With this new update, we are able to refine the areas into 11 smaller ones.
If you received one of the older regions before, your new report will most likely have one of the newer, more precise regions instead like Indigenous Eastern South America, Indigenous Cuba, and Indigenous Americas–Mexico, among others.”
More Global Regions
“This advancement will enable AncestryDNA to deliver even more regions globally to enhance the experience across diverse populations including improvements and region realignment in West Africa, northwestern Europe, the Americas, Oceania, and South Asia.”
When You Will See the Update
“It’s important to note that we are phasing the update over time to ensure individual attention is given to delivering each result; therefore, some may see results earlier or later than others.”
“More than 1,000 global regions make up the ethnicities displayed in our DNA test. As DNA science improves, the number of regions we test for (and the countries covered in each region) may change.
This article lists each region, butto see which areas of the globe are included in the regions, you’ll need to view the list from your DNA Story page (which will highlight an area of the map when you click a region).
To see all the regions, click See other regions tested at the bottom of your ethnicity estimate and click on a region on the next page.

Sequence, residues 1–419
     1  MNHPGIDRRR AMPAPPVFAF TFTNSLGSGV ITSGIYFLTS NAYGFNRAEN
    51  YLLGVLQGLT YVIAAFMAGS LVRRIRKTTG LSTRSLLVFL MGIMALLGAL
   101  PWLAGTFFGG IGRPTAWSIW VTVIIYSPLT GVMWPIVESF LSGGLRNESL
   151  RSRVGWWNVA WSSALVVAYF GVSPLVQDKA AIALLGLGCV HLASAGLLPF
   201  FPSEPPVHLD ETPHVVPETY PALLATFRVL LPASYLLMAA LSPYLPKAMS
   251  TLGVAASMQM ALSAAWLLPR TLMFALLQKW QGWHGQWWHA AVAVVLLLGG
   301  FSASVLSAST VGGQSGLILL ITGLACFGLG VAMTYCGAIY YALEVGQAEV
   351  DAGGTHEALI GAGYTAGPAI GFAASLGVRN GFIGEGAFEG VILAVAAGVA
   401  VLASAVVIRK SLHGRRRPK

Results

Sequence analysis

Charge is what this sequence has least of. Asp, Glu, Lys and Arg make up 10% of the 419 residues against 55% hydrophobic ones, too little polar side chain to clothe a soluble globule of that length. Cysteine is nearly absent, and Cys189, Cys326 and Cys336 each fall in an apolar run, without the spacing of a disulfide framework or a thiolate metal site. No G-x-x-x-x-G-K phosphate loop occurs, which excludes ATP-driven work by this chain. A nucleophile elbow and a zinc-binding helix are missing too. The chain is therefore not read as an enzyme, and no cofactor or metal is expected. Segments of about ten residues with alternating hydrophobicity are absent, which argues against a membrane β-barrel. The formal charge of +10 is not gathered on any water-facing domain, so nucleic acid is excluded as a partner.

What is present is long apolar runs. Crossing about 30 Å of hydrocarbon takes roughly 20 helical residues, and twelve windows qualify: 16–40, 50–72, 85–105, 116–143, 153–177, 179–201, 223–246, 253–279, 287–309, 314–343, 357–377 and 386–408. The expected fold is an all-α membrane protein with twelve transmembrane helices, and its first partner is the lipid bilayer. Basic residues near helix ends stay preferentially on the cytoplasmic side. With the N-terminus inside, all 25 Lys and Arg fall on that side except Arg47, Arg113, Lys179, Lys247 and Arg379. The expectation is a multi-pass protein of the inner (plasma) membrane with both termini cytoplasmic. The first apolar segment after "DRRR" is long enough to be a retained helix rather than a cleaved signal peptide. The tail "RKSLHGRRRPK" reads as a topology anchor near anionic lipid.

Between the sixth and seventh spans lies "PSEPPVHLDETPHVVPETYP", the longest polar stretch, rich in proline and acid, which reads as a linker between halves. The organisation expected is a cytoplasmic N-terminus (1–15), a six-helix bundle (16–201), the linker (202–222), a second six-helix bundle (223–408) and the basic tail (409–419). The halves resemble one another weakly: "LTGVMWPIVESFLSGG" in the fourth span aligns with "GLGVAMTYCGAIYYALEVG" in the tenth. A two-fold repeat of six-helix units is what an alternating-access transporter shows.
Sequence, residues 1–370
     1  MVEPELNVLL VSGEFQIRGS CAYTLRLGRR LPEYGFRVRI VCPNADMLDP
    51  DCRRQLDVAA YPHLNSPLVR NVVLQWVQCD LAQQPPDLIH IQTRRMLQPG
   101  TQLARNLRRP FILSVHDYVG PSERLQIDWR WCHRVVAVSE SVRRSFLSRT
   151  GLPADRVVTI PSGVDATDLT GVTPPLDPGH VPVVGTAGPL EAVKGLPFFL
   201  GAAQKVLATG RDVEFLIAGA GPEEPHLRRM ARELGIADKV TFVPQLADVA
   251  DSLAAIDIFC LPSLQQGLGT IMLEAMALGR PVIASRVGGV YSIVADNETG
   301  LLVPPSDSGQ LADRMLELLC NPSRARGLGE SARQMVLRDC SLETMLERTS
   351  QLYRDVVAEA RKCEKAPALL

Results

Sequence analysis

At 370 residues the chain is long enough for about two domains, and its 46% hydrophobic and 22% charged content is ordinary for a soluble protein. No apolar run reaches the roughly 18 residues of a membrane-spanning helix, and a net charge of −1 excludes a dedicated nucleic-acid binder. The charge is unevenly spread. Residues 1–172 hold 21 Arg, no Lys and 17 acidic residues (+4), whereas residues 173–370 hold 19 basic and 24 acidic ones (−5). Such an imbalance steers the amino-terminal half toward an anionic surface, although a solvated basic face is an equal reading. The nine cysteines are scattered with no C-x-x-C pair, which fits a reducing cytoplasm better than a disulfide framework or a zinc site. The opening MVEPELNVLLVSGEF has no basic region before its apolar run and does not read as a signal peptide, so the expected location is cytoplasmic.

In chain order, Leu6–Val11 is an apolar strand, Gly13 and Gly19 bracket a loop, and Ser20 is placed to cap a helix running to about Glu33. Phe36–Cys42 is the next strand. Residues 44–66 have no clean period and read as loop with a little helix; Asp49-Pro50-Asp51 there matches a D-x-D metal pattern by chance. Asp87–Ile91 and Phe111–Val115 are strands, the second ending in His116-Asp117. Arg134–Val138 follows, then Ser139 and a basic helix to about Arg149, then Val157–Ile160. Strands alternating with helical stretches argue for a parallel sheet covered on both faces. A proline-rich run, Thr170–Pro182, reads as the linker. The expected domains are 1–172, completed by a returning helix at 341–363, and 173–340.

If you’ve taken a DNA test, you may have received different ethnicity results than you expected and different from your family members. DNA expert Diahan Southard explains why this happens in the Genealogy Gems article “Results May Vary:” One Family’s DNA Ethnicity Percentages. Click here to start reading now.
MyHeritage Expands to Health
From the MyHeritage press release: Tel Aviv, Israel & Lehi, Utah — MyHeritage, the leading global service for family history and DNA testing, announced today a major expansion of its DNA product line with the launch of the MyHeritage DNA Health + Ancestry test. The test provides a new dimension of genetic insight with comprehensive health reports that can empower future health and lifestyle choices. It is a superset of the current MyHeritage DNA Ancestry-Only test, and includes its pillar features: a percentage breakdown of ethnic origins and matching to relatives through shared DNA. MyHeritage is now the only global consumer DNA company to offer an extensive health and ancestry product in over 40 languages.
The launch of the Health + Ancestry product distinguishes MyHeritage as the only major service that bridges consumers’ past, present, and future: MyHeritage’s integrated suite of products enable users to discover their family history and ethnic origins, find new relatives, and receive valuable insights to help manage choices regarding their health that may impact their future well-being.